Toronto’s Mayor wants to ban handguns across Canada. He also wants to close down shooting ranges in his city. At least he did, but when the public commentary went sour on him his council backed away.
Mayor David Miller’s powerful executive committee has reversed course on part of a proposed anti-firearms policy after getting an earful from the gun lobby.
A city report on measures to address gun violence in Toronto called for several steps, the most controversial being to terminate leases with two gun clubs that run shooting ranges on city property at Union Station and a Scarborough community centre.
The committee instead asked staff to draft a report on options for the clubs to move out of what Miller called “inappropriate” locations and re-establish themselves on private property, an idea crafted by Councillor Norm Kelly.
Existing gun ranges on private property in Toronto are being grandfathered in under the staff proposal, so penalizing the two clubs operating on city property was deemed unfair.
The Mayor says that he is not backing down but because they can’t close private ranges it is a matter of “respect” to the two ranges on city property to allow them to move to a private facility. So now it isn’t that the shooting ranges are of great danger to the public, it’s just that it is “inappropriate” that they are housed on city property. Can we say “political spin”?
But now the Toronto police are complaining that as they crack down on illegal gun ownership in the city the thugs are turning to knives to solve their personal vendettas. What a surprise!
In Toronto and its suburbs, the ease with which you can purchase a knife attracts scant attention. Instead, the city is so consumed with combatting gun crime that Mayor David Miller and City Council will vote this month on the extraordinary step of evicting legal gun clubs from publicly owned locations such as Union Station, where a gun club has been housed since 1921.
While homicide detectives and policy-makers say firearms are still the biggest scourge on Toronto’s streets, the attention, time and money dedicated in the past few years to cracking down on gun crime has made it tougher for aspiring criminals to obtain their weapon of choice.
That means they are unsheathing their weapons of second choice – kitchen knives, jackknives, hunting knives and, if they can get them, illegal switchblades and butterfly knives. “All those things we’re doing to decrease firearm weapons is cutting down the availability of these guns,” says Staff Inspector Brian Raybould, the head of the Toronto police homicide squad. “At the same time, criminals who choose to arm themselves have to find some way to do it. If firearms aren’t available, what’s the next best thing? Knives, sharp-edged weapons.”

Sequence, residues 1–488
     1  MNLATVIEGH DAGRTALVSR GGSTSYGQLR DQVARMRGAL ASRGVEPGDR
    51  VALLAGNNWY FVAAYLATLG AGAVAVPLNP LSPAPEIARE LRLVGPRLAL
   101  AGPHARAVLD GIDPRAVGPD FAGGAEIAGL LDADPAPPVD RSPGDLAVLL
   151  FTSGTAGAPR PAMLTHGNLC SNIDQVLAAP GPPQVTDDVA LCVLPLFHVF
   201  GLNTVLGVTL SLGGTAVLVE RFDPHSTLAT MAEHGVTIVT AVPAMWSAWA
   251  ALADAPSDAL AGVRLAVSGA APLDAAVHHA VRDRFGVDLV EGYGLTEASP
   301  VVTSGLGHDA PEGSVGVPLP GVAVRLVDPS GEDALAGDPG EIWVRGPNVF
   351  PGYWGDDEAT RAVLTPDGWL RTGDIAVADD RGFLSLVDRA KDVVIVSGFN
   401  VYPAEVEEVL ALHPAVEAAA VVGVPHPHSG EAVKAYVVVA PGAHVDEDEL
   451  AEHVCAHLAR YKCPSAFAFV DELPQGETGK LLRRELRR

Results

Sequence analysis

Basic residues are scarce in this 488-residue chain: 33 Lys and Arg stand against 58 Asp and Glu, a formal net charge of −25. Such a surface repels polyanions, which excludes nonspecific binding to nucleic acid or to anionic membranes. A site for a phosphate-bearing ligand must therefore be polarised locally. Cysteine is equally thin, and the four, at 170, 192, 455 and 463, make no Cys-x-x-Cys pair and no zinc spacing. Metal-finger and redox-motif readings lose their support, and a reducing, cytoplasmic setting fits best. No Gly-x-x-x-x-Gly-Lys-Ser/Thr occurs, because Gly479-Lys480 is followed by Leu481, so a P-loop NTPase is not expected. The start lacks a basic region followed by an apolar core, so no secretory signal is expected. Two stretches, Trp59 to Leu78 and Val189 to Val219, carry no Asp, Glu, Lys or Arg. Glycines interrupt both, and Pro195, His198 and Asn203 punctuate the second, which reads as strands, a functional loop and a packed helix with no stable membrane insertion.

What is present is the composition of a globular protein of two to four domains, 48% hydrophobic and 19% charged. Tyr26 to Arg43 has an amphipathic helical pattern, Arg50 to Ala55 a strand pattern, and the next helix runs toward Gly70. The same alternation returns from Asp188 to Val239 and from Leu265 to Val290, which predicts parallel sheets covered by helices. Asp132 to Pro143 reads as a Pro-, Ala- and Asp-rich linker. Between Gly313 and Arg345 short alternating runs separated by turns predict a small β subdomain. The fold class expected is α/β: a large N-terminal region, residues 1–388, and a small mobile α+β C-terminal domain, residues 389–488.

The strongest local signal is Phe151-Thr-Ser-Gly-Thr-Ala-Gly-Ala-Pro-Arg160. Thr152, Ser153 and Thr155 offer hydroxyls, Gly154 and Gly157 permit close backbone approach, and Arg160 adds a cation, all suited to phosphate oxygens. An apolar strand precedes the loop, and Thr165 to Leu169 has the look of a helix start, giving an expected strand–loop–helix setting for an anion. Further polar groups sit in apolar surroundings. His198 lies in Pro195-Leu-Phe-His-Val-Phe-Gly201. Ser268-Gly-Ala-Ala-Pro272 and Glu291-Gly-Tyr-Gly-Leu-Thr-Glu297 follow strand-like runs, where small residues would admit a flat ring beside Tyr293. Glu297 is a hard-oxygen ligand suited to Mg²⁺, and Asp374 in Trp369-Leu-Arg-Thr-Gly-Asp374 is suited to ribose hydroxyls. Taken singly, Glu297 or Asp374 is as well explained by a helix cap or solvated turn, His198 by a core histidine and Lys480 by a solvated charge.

Heightened security at Canada-U.S. border crossings and programs such as the Toronto Anti-Violence Intervention Strategy (TAVIS), started in 2005 to curb street violence by increasing the police presence in high-crime neighbourhoods, have helped to drive down the frequency of gunpoint retail and bank heists. Robbers are turning to knives instead, Staff Insp. Raybould says.
Over all, police and paramedics in the Greater Toronto Area attended more stabbing calls from January to April this year (April is the last month of 2008 for which statistics are available) than they did in the same period last year.
Toronto police responded to 167 stabbings up to the end of April, 2008 – in 73 of those cases, the victims were taken to hospital in serious condition. That’s up from 58 by April last year.
Still, overall homicide rates – by any method – for Toronto and its suburbs are roughly the same so far this year as they were last year.
This mirrors what is happening in Britain where firearms ownership is virtually banned.
Knife crime among young people has sparked a widespread debate in recent weeks in Britain, where police say they have seen “a worrying trend” toward more severe knife attacks involving younger attackers and victims.
Prime Minister Gordon Brown on Thursday announced a crackdown on teenagers carrying knives, saying that those as young as 16 will be prosecuted for knife possession on the first offense. Previously, anyone younger than 18 generally received only a warning.
“Young people need to understand that carrying knives doesn’t protect you, it does the opposite — it increases the danger for all of us, destroys young lives and ruins families,” Brown said after meeting with top police and government officials at his 10 Downing Street office. “Recent tragic events have reminded us of that.”
In a country where almost all guns are illegal, police say knives are the most popular weapons carried by youths in major cities from London to Glasgow. A police stop-and-search campaign in London last month found that about 5 percent of the 4,200 youths randomly checked were carrying knives.
It seems that if individuals are inclined to violence they will use whatever weapons they have on hand and if they can find a way to ban knives the thugs will be using baseball bats to solve their disputes. Or worse.
All of this is akin to covering up the spots to cure measles.